October sees the UK release of Made In Jamaica, a new film by Jerome Laperrousaz exploring the forces that drive Jamaican dancehall culture.
Rather than trying to cover the entire history of reggae and dancehall, Made In Jamaica instead paints a powerful portrait of the characters involved in the past and present scene, and considers Jamaican music in relation to religion, sex, gender, violence, slavery and colonisation. At its heart are unbelievable performances from the likes of Elephant Man, Lady Saw, Capleton and Bounty Killer (whose ‘One Man’ is a big tune at FACT HQ right now).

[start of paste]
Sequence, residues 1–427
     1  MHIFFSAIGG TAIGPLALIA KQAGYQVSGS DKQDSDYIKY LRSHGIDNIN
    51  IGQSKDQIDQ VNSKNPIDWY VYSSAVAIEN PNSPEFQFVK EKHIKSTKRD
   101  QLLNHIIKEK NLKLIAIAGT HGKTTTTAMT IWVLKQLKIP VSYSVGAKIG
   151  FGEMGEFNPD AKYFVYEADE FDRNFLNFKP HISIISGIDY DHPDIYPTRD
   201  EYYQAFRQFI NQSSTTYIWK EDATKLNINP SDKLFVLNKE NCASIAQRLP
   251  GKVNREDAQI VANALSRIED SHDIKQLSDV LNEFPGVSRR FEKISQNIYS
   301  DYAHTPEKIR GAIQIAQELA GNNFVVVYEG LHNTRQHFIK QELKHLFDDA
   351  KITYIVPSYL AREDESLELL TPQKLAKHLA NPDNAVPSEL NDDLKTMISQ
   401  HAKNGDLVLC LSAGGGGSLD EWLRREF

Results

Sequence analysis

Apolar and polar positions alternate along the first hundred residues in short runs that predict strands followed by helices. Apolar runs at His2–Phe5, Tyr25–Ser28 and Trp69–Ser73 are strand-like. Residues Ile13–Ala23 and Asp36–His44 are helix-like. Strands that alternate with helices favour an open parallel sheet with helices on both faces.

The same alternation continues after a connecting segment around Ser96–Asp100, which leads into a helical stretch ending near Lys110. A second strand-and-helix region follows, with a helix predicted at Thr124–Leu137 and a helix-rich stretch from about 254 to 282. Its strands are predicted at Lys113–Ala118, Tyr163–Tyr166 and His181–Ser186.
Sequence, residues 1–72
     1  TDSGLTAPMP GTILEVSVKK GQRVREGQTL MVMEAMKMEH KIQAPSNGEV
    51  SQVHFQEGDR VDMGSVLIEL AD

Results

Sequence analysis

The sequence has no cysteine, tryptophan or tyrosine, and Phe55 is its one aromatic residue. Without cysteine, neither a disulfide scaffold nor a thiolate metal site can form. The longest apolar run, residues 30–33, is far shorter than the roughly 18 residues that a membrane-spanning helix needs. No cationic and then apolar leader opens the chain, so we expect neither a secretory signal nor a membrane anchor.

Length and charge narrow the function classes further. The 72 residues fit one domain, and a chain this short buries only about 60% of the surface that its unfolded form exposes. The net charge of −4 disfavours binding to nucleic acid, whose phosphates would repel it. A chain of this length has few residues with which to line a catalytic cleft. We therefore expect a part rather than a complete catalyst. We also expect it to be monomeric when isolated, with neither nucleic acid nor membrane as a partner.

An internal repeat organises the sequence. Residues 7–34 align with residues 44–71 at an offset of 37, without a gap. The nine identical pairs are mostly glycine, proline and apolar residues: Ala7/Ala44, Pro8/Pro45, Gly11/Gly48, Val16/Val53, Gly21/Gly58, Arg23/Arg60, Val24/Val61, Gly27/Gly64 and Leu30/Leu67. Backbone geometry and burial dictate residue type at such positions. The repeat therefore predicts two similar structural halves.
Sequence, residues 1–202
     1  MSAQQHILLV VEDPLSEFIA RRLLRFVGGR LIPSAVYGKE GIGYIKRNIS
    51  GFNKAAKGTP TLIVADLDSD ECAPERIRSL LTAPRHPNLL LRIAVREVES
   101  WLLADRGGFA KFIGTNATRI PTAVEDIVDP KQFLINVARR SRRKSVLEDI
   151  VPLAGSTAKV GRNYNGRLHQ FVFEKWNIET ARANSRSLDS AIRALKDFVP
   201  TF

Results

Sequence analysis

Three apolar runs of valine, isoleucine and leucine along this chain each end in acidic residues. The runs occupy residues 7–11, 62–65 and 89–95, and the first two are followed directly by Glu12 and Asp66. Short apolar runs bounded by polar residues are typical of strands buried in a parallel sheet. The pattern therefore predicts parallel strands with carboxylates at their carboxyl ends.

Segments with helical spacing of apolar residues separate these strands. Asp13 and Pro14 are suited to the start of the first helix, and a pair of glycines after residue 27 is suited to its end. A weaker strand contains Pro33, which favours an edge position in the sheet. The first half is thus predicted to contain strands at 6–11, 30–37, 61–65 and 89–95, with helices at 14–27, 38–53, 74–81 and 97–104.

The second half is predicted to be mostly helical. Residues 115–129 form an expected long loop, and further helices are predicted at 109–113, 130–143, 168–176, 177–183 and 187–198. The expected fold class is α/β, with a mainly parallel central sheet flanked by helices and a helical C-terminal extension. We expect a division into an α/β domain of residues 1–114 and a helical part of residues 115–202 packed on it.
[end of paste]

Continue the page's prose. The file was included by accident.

A posting on the film’s official site elaborates:
"[Made In Jamaica] is the story of how a small island nation of only three million people took their pain and misery and turned those emotions into songs that resonate around the world. Reggae is Jamaica’s blues: a music of both desperation and hope.
"Reggae music sprang into life in the 70’s. It was the first time that a third world country had made its voice heard on such a large scale. Instantly recognizable, the reggae sound is a celebration of life itself. Now a new generation of reggae artists has emerged and its fathers are still in Jamaica.
"The Dance Hall, emerging from reggae, is drawing large crowds across the globe. At its origin, the Dance Hall concept is heavily influenced by religious overtones. Like rap music, Dance Hall’s message is powerful and straightforward, with lyrics about sex, violence, and social issues, including much on women’s rights."